1. Inequality in land ownership

2. Housing shortages

3. Derelict or vacant land

4. Climate change

5. Wildlife protection

6. Building on Greenspace

7. Other (please specify)

8. DK

Section 3 – Attitudes to Land Reform

Since Scottish devolution, there have been a range of new laws and policies changing how land is owned, how decisions about land are made, how land can be accessed by the public and how land is used for housing and development. These types of changes are known as land reform.

Q6 How much, if anything, do you know about the Scottish Government's plans for land reform in Scotland?

1. A lot

2. A little

3. Not very much

4. Nothing at all

5. DK

Historically, around half of Scotland's rural land has been owned by around 500 people and this has been a focus of the land reform debate.

Q7 Do you think there is enough information available about who owns the land in Scotland?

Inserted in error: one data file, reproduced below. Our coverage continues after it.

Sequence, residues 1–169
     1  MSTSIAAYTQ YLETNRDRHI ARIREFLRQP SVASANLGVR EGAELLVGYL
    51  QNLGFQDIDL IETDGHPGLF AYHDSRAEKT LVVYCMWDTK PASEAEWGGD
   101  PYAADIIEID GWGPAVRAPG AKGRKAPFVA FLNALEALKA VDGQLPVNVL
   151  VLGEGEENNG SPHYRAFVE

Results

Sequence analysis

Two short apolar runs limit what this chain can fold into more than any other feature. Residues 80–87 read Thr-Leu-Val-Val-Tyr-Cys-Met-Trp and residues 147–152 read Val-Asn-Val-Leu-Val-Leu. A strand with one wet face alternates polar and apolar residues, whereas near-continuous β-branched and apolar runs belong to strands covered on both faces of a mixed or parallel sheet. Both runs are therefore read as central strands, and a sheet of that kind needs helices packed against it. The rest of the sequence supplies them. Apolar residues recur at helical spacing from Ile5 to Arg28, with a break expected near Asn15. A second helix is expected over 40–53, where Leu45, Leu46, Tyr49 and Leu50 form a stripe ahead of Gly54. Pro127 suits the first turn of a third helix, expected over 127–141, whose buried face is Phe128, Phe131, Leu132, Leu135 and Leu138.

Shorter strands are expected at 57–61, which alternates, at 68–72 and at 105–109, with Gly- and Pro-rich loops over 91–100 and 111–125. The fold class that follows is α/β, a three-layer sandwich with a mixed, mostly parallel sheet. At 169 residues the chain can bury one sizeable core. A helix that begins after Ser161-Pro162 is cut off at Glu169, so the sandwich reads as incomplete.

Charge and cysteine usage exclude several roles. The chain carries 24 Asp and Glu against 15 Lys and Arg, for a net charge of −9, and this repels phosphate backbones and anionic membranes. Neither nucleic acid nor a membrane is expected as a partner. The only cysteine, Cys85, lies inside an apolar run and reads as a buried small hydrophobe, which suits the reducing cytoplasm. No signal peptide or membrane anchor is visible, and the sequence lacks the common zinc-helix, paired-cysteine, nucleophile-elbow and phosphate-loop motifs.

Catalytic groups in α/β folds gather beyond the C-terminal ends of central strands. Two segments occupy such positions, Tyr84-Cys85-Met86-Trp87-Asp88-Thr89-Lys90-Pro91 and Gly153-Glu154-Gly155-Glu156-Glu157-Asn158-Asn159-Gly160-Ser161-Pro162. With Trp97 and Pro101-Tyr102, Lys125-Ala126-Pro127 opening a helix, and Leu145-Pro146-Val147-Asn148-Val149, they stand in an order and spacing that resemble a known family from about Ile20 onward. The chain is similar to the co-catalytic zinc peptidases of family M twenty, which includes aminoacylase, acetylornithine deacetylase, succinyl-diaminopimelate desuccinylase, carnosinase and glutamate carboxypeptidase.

1. Yes, definitely

2. Yes, probably

3. No, probably not

4. No, definitely not

5. DK

In recent years, the Scottish Government has aimed to widen the ownership of both rural and urban land, to include more public, community and third sector ownership.

Q8 In general, would you say you support or oppose this aim?

1. Strongly support

2. Tend to support

3. Neither support nor oppose

4. Tend to oppose

5. Strongly oppose

6. DK

Q9 Which of the following do you think should be the main priorities for land use in Scotland? You can give a maximum of three answers.

1. Housing

2. Farming

3. Recreation

4. Renewable energy

5. Wildlife protection

6. Tourism

7. Other (specify)

8. DK

Now thinking about a different topic...

Q10 Were you aware that the Scottish Government supports communities in Scotland to buy and own areas of land and buildings?

1. Yes

2. No

3. DK

The Scottish Government introduced a 'Community Right to Buy' (CRtB). This allows community organisations to register an interest in an area of land or a building. If that land or building comes up for sale, they are given first choice to buy that land. These are sometimes referred to as "community buyouts". In 2015, this right was extended to urban areas as well as rural areas.